Data Centre Consolidation/Upgrade Project Of The Year
What was the driving force behind the project? What business or technology challenge needed to be addressed?
In 2021, Telehouse began its most ambitious infrastructural and aesthetic data centre upgrade project to-date – the refurbishment of Telehouse South.
An upgrade of a 32-year-old historic data centre building at Docklands, the project was driven predominantly by increasing customer demand for efficient hybrid IT infrastructure and connectivity. Customers wanted to be able to expand and grow on the existing Telehouse Docklands campus and Telehouse had a window of opportunity to deliver the extra capacity required to meet this demand or risk losing out to competitors.
Time was of the essence, with many businesses needing to transform and scale their IT architecture, fast. Building a new facility from scratch would have taken too long to meet the pressing IT needs of Telehouse customers and new businesses looking for extra agility, so the only alternative was a data centre refurbishment / upgrade.
With capacity already quite constrained in the Docklands and competition high, it was important that the new facility maintained close proximity to the City. It was also important that the facility offered a direct connection to the existing four data centres at the Telehouse London Docklands campus, enabling customers to benefit from the same unrivalled connectivity and access to a diverse ecosystem of partners, including leading Internet Exchanges, Cloud Service Providers, Internet Service Providers and Content Service Providers.
To provide a fast and secure solution, Telehouse acquired a historic data centre building at London Docklands – now known as Telehouse South – with a goal of completely refurbishing and modernising it to bring it in line with Telehouse standards. But as one of the very first data centres in the Dockland’s area, it wasn’t going to be an easy task.
The demand for resilient colocation services in London from financial services organisation as well as content and media companies largely steered the direction of the reconstruction project in terms of capacity and power. With 10,000 sqm of colocation space, 15MW of total power and over 4,000 racks distributed across six floors, the fifth data centre offers reliability, security, scalability and growth opportunities that Telehouse existing customers were after.
How did the solution address the challenges and were there any particularly innovative aspects that made it stand out?
The project was Telehouse’s most ambitious infrastructural and aesthetic reconstruction and the first project of such a scale and type for Telehouse in Europe.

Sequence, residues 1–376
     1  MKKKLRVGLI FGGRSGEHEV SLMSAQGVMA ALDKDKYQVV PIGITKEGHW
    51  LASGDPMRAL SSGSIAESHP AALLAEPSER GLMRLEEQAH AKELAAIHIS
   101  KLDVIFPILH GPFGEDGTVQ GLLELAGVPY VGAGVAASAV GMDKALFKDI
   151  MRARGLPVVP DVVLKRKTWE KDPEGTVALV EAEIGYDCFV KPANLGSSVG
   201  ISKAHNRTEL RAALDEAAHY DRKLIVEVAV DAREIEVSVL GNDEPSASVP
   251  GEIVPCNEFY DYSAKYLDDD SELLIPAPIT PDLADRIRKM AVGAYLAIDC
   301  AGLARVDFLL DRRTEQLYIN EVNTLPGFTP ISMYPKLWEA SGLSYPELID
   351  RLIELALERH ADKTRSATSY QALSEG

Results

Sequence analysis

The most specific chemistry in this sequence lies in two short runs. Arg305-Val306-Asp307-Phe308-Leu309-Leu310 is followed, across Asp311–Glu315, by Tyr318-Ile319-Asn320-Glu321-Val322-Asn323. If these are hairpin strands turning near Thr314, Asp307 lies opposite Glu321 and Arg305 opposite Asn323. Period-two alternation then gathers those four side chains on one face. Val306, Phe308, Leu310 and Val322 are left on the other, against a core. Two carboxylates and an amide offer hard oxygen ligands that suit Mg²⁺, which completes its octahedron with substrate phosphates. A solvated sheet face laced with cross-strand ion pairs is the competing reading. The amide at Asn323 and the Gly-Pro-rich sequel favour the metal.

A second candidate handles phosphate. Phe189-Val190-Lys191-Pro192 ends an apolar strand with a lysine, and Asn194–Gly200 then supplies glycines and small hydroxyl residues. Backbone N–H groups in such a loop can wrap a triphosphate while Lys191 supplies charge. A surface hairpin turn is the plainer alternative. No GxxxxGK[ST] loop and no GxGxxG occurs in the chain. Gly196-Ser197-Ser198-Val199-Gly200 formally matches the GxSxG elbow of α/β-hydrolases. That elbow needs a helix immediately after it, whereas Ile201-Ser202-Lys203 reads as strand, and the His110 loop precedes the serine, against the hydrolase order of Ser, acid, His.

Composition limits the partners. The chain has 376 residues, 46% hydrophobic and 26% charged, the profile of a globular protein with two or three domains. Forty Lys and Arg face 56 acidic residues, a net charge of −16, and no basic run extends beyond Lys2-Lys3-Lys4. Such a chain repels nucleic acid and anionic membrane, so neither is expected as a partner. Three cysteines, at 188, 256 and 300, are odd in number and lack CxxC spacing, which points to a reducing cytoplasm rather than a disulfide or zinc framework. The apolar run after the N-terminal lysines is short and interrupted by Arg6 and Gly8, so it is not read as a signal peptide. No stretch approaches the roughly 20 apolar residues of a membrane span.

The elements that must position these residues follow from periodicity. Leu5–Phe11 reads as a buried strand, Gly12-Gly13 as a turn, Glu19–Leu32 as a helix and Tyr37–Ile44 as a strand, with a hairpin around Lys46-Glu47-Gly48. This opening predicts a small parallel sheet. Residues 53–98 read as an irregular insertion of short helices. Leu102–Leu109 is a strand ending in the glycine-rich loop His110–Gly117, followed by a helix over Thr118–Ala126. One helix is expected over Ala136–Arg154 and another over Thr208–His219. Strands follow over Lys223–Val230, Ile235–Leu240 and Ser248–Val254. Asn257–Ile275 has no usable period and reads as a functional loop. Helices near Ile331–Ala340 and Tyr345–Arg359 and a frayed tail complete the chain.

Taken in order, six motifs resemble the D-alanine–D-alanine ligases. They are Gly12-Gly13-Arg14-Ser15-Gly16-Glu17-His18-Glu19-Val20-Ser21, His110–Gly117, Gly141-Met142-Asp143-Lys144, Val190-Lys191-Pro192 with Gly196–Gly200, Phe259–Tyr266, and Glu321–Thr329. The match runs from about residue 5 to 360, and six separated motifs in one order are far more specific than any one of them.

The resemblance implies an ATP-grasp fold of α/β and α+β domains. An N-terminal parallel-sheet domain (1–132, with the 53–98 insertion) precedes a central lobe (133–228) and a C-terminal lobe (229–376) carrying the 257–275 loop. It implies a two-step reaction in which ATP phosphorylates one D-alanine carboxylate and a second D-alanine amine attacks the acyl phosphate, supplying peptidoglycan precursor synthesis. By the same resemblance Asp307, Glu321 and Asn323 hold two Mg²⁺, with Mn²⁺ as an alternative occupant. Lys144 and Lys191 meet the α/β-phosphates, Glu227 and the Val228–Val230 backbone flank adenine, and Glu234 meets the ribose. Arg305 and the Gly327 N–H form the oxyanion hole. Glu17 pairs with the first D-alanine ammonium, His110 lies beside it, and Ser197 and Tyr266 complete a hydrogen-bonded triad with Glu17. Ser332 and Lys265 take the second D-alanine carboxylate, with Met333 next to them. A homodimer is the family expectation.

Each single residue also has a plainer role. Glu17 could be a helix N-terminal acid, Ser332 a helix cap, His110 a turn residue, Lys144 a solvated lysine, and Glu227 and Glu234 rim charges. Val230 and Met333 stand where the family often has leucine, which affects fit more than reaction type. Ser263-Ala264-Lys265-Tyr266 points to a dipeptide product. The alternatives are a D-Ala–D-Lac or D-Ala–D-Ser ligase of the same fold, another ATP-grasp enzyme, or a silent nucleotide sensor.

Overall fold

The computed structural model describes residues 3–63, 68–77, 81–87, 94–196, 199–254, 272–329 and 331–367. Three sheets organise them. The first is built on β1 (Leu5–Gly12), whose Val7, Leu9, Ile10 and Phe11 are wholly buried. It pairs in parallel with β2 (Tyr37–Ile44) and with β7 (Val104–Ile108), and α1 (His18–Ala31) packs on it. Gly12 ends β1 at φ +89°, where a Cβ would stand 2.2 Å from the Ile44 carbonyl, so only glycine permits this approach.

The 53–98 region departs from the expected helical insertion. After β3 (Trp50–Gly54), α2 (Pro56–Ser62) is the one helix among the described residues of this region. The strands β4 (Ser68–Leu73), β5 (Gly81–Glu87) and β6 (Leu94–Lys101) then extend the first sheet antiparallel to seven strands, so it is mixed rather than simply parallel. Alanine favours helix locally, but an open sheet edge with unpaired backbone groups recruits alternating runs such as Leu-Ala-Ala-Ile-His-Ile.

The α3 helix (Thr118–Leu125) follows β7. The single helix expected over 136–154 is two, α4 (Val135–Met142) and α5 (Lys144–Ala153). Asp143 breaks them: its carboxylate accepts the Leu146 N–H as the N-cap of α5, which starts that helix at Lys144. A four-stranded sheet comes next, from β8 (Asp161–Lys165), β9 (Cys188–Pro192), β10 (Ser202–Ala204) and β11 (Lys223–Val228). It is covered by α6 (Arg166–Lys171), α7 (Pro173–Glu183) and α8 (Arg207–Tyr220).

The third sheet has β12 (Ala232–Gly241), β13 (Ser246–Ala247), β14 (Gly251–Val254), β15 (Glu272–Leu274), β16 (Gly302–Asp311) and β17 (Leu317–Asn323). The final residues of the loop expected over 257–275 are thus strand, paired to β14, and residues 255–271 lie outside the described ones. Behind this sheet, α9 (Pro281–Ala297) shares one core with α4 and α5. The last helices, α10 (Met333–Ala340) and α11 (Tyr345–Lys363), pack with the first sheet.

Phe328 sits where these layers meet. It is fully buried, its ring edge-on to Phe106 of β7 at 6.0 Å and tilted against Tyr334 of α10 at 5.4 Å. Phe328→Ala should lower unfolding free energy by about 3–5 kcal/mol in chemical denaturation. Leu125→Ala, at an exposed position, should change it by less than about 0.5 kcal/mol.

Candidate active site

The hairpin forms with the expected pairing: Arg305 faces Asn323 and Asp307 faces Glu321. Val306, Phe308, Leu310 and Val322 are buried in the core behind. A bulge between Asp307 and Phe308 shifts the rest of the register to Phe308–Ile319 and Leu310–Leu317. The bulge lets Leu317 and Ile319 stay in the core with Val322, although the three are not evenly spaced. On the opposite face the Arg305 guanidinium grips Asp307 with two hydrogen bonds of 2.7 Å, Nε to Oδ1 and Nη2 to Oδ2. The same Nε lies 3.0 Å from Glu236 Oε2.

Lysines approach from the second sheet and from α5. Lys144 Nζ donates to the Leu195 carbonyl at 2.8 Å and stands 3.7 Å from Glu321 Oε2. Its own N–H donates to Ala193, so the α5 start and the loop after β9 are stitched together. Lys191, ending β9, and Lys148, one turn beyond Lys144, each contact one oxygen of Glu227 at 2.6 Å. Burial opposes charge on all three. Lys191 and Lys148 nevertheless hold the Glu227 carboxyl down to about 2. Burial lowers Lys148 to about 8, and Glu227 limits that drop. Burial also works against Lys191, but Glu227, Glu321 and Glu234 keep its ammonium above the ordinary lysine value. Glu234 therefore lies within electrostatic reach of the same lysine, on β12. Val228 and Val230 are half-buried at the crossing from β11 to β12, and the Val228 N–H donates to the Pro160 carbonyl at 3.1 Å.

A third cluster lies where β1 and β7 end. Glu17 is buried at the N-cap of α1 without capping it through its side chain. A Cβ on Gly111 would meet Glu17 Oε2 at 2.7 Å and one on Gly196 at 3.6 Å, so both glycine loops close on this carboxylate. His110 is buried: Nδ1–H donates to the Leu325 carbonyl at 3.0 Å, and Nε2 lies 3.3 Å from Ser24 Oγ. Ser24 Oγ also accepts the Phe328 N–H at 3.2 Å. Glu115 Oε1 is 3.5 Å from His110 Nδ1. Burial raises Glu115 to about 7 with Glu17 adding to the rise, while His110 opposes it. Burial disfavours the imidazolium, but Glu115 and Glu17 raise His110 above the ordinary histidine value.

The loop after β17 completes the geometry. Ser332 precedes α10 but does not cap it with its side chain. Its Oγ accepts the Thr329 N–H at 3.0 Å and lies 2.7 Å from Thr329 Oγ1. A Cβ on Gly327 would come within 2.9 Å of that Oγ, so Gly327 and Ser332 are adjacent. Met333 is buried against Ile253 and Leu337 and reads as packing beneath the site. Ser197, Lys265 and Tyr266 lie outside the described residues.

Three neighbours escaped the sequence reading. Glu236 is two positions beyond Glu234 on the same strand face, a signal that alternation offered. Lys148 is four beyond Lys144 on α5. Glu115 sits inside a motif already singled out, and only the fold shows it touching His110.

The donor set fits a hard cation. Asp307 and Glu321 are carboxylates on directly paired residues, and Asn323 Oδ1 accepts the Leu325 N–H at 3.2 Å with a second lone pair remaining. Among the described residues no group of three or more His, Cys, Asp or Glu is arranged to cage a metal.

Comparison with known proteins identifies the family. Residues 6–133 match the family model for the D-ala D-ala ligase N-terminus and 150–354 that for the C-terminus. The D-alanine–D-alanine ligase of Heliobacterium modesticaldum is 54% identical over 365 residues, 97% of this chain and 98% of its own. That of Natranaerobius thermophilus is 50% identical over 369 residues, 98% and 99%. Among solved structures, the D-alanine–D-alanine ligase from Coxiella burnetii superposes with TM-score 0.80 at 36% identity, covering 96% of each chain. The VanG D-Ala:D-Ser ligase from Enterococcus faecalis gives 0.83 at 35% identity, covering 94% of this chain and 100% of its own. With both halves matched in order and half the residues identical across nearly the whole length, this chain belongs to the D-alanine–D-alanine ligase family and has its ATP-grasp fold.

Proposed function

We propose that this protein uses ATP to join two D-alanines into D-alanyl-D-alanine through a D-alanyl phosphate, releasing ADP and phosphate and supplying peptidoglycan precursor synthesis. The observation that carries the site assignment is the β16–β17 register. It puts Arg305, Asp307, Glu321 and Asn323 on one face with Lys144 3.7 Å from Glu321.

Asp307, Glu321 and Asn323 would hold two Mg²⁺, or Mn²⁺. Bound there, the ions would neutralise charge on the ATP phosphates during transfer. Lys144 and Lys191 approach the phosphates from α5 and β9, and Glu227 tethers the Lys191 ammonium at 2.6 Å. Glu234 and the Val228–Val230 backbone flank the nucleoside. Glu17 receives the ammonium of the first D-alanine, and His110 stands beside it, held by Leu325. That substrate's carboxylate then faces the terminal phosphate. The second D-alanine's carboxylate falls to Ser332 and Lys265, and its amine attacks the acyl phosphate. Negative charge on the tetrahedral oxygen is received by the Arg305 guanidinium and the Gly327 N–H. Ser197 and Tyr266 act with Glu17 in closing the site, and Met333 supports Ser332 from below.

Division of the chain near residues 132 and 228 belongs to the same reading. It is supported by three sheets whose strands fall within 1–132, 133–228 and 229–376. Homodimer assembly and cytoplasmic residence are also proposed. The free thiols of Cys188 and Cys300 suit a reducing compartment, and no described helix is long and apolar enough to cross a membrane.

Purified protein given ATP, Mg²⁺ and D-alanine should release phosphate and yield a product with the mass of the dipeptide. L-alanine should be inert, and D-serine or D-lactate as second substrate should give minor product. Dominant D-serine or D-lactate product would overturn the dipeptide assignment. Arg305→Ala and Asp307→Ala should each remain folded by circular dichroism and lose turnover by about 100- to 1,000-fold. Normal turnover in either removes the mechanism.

Choosing one of the first data centres on the Docklands was a strategic choice for Telehouse and its customers. Unlike other competitors in the Docklands, the facility already had the necessary security, perimeter and fencing requirements in place to adhere to the high security standards for which Telehouse is known.
As the new data centre building stands on reclaimed land, close to residential and commercial areas, the project also had to respect the local landscape, with solutions put in place to minimise any sound disruptions.
As part of the upgrade, a lot of work had to be done to re-orientate the building and enable innovation within existing design constraints. Unlike other Telehouse data centres which have one large data hall, Telehouse South has 6 data halls spread across different floors, with structural pillars throughout, meaning the company had to move away from its usual design and explore innovative ways to create and use white space.
Telehouse wanted to create a blank canvas to enable it to re-design the facility, so the entire building was first stripped to its shell and core. This was necessary to reimagine the space around the load-bearing pillars and modernise the facility to the same standard as the other Telehouse London Docklands data centres.
Every aspect of the design and refurbishment was analysed and considered in meticulous detail. For example, the physical location of meet me rooms was chosen to enable telecommunications providers to conveniently terminate their equipment. Running 6,000 dark fibres routes and making the critical connections to the iconic Docklands campus had to be coordinated closely with the London Borough of Tower Hamlets, as well as carriers to provide a seamless solution.
The ongoing evolution of what businesses put on the data centre racks also defined the design of the new facility. For example, with racks heavier now than when they were back in 1989, Telehouse had to ensure lifts were fit-for-purpose.